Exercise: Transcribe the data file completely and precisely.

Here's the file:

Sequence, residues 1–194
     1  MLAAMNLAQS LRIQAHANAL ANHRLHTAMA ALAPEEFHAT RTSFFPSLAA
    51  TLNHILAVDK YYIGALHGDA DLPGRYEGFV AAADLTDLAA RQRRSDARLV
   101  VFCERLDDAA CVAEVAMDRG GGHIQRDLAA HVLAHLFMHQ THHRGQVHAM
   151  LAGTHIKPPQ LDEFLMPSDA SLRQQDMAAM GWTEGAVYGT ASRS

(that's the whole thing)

Sequence, residues 1–194
     1  MLAAMNLAQS LRIQAHANAL ANHRLHTAMA ALAPEEFHAT RTSFFPSLAA
    51  TLNHILAVDK YYIGALHGDA DLPGRYEGFV AAADLTDLAA RQRRSDARLV
   101  VFCERLDDAA CVAEVAMDRG GGHIQRDLAA HVLAHLFMHQ THHRGQVHAM
   151  LAGTHIKPPQ LDEFLMPSDA SLRQQDMAAM GWTEGAVYGT ASRS